Tuesday, 24 June 2008

The Right Way  


Many would say that, with George W. Bush and his Republican Party holding onto power for the past two terms, Silvio Berlusconi regaining power (despite all the charges of corruption and incompetence which mired his previous sojourn in the top job) as the Prime Minister and even the Labour Party in the UK moving inexorably to the right, that the right of politics has finally been victorious. Indeed, despite all the excitement generated by Barack Obama's nomination as the Democratic candidate, the strongest lobbying groups in the United States remain those of the religious right - all of whom are likely to make more vociferous efforts than ever top elect a Republican considering that the alternative is a black liberal.

Politicians in the United States - even the most liberal of Democrats - avoid saying that they are liberal. The word liberal is now a dirty word and the replacement, 'Progressive' has been used in such a negative way by the right wing media such as Fox News (and particularly the infamous Bill O'Reilly) that it too has become a dirty word. Equally, across Europe (even France where Sarkozy has tried to dramatically alter France's traditionally left wing perspective) countries are moving more and more towards the right, even if they themselves are governed by supposedly left wing parties.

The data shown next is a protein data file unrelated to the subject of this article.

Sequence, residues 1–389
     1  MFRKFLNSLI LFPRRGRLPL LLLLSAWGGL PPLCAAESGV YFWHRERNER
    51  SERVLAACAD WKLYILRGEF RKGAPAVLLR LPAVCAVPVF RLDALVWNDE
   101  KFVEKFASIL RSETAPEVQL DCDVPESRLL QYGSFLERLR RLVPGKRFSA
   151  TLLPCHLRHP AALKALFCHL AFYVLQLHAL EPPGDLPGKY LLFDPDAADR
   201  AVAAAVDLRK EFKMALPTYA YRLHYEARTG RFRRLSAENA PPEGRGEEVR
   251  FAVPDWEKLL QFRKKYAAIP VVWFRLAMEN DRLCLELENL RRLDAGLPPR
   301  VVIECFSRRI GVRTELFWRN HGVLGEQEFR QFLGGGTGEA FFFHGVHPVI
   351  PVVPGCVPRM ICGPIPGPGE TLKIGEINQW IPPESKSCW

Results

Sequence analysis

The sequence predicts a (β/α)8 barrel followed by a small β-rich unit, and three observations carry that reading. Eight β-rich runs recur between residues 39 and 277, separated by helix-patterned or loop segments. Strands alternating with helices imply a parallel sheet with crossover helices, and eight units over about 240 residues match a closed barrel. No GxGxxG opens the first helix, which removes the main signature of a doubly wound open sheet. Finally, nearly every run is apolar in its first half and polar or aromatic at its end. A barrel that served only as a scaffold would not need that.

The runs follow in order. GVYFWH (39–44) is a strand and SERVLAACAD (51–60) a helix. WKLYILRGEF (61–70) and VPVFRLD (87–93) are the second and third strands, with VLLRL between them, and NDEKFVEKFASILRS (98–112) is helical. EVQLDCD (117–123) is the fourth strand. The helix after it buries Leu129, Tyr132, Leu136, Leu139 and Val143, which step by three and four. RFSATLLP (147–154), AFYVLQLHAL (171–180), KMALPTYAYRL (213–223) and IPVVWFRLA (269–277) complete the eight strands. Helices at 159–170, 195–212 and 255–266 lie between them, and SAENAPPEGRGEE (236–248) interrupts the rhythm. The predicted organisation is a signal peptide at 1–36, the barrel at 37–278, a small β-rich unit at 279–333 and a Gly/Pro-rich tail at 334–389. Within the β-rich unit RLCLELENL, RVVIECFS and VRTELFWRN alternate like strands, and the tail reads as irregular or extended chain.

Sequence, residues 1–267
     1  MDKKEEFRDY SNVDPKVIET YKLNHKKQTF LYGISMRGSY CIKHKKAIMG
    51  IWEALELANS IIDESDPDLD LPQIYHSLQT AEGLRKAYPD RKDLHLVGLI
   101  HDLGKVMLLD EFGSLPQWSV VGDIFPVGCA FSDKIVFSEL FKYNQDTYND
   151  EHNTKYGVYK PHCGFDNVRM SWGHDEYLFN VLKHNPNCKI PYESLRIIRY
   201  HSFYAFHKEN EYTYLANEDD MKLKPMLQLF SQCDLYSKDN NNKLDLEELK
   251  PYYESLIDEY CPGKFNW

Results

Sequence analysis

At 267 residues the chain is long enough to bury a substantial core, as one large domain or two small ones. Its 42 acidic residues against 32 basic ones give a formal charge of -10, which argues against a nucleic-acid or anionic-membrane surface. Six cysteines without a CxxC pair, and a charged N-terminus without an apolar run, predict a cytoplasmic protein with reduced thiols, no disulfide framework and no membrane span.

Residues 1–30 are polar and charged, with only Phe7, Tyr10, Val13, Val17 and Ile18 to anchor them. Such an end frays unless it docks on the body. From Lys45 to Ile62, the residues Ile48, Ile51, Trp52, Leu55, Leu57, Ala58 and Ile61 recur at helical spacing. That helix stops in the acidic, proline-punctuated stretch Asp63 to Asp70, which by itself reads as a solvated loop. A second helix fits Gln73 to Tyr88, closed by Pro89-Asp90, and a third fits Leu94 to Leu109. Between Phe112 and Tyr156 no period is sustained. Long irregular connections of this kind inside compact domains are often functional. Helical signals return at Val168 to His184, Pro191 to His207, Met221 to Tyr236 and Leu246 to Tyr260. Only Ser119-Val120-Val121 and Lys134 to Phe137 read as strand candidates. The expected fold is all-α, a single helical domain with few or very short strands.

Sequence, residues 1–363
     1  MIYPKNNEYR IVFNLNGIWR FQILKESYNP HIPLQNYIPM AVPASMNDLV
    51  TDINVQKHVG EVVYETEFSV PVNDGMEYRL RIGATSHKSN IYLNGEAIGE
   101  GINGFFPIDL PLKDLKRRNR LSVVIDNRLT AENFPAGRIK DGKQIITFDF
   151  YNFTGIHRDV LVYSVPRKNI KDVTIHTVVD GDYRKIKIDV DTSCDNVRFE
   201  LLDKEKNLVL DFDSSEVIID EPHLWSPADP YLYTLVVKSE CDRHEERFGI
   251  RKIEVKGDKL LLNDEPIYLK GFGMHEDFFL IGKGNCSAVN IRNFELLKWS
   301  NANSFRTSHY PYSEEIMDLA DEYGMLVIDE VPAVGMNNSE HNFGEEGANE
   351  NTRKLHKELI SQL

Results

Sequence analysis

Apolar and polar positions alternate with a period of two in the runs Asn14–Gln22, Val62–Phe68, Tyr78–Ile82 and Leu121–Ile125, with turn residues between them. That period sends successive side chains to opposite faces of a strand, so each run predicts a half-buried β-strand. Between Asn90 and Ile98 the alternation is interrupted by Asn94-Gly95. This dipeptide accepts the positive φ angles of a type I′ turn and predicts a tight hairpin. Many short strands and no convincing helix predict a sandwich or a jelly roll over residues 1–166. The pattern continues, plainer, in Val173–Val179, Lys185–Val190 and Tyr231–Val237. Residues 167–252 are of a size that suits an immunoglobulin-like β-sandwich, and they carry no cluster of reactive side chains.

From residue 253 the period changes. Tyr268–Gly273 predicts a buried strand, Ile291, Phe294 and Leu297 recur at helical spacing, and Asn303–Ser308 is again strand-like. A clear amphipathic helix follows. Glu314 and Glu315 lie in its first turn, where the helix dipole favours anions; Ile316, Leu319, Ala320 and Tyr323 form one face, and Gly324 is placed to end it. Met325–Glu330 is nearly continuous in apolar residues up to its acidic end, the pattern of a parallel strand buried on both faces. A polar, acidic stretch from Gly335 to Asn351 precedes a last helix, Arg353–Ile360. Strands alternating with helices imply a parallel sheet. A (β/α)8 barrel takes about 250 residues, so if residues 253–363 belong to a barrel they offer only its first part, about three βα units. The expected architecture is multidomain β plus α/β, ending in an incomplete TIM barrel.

Part of the reason for this, particularly in Europe, is immigration. The rather melodramatic view of the right wing is that it thrives on fear. To a certain extent right wing politicians do thrive on the results of fear even if they themselves rarely engender it (I believe that the vast majority of right wing politicians are as much influenced by fear as those people they choose to represent). There is a situation where far more people are emigrating to other countries and this, in the richer Western countries, is causing the sort of xenophobia and fear that (unfortunately) seems to always arise when people are faced with what is different. Equally, the threat of terrorism, however much it is exaggerated to a ridiculous degree does mean that the right will gain more votes than the left. Frankly, pacifists are less likely to vote and the general populace seem to want revenge and security and all the things that the right promise them with hard line speeches.